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An important setting and significant location in story of the Half-Life, Xen is a dimensional border world, either so unpredictable or so dangerous in its existence that even the Combine Empire will not or can not travel to it. According to Valve staffer and Half-Life lead writer Marc Laidlaw, Xen is a barren universe, with no native life originating from it. Every life form in Xen, including the Vortigaunts, Headcrabs, Antlions and even the Nihilanth itself, arrived there through artificial means, either accidentally or intentionally. It is inferred that the Nihilanth's homeworld was conquered by the Combine, forcing it to flee to the relative safety of Xen. Similarly, the Vortigaunts and Antlions also originally arrived on Xen from elsewhere, more than likely also fleeing the Combine.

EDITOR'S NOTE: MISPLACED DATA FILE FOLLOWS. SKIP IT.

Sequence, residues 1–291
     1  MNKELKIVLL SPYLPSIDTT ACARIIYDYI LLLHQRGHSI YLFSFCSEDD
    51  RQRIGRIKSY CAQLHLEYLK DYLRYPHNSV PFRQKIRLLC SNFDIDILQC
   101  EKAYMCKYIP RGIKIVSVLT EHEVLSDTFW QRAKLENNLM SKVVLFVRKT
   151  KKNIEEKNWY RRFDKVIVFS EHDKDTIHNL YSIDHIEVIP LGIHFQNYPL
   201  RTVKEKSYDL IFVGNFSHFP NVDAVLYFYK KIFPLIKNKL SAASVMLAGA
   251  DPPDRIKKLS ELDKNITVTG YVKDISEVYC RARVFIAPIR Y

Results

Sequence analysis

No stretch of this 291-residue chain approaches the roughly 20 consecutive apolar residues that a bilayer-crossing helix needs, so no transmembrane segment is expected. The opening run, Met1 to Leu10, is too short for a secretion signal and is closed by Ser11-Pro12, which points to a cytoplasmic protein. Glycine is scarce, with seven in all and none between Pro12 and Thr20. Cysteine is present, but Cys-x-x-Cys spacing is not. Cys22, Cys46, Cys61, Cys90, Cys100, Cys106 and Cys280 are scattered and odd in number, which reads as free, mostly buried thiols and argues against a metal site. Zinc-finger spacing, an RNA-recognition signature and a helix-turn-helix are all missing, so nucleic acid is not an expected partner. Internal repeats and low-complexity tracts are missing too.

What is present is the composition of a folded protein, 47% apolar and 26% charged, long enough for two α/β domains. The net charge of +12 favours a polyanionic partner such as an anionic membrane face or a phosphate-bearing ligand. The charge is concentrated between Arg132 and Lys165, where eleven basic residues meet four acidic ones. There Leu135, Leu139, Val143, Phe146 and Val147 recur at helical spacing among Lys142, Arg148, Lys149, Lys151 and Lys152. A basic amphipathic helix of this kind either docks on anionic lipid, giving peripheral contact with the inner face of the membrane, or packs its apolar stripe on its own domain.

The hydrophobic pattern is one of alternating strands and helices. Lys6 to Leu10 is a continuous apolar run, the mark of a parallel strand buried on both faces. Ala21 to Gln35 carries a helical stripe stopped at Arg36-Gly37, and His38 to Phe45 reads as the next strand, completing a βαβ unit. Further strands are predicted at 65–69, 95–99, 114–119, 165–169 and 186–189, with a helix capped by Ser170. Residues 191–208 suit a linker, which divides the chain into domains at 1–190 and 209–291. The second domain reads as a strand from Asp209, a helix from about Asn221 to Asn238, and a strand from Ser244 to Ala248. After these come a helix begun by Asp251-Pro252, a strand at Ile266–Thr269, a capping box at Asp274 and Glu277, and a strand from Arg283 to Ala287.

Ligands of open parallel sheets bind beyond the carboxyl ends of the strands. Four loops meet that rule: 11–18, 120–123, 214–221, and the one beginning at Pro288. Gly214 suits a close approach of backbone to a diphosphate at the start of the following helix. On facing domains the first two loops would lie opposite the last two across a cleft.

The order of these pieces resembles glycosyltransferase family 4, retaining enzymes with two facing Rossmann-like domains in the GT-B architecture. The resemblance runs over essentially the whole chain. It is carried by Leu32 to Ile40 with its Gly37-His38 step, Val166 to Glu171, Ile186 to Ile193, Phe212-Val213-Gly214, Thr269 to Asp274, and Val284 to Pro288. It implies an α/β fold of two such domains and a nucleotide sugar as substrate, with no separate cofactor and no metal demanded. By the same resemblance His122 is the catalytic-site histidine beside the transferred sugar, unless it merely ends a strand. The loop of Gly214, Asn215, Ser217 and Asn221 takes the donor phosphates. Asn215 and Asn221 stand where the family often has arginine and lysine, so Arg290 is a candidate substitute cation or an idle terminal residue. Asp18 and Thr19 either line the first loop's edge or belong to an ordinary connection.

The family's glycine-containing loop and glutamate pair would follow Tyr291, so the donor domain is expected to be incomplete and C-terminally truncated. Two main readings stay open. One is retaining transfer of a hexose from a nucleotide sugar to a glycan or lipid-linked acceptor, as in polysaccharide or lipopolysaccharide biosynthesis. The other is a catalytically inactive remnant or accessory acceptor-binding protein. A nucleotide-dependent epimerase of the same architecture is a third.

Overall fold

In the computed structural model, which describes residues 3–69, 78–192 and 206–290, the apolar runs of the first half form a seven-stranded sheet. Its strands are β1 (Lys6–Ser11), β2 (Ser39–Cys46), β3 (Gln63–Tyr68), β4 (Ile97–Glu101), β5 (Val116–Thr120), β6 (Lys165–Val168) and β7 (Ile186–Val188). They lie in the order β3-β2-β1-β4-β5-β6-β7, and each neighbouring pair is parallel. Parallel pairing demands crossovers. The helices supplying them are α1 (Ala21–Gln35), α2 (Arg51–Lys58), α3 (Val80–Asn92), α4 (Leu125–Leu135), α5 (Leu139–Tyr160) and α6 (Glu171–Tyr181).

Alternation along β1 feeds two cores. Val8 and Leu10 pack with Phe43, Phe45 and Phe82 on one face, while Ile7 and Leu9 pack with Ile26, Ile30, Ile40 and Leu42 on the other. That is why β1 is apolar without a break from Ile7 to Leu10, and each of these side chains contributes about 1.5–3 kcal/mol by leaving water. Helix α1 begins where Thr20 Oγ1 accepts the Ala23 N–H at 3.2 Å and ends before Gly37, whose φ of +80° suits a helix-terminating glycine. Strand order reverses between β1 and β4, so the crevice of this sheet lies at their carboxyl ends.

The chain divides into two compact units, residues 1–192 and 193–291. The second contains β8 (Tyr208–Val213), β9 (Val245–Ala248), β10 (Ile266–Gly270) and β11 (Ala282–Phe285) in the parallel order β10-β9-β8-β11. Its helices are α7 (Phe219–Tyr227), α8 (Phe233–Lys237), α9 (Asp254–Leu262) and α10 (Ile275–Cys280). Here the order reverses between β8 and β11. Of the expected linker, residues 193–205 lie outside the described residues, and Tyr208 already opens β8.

In the original Half-Life, the events in the game are started by the resonance cascade caused by a crystal from Xen being put into an anti-mass spectrometer. This event opened a portal between the two worlds allowing the creatures from Xen to come to Earth. The final levels of the game actually take Gordon Freeman to Xen where he is forced to destroy the Nihilanth in order to save himself and Earth.
Xen is made up of many small floating landmasses connected by scattered teleportation portals. Xen has a much lower gravitational constant than Earth, allowing a normal human to jump tens of meters with each leap.
Study of Xen
Throughout Half-Life and the expansions that followed, the player continuously goes back to Xen, with each visit revealing more and more human machines and even dead human bodies. This suggests that the scientists at Black Mesa knew a great deal about this world before the events in Half-Life.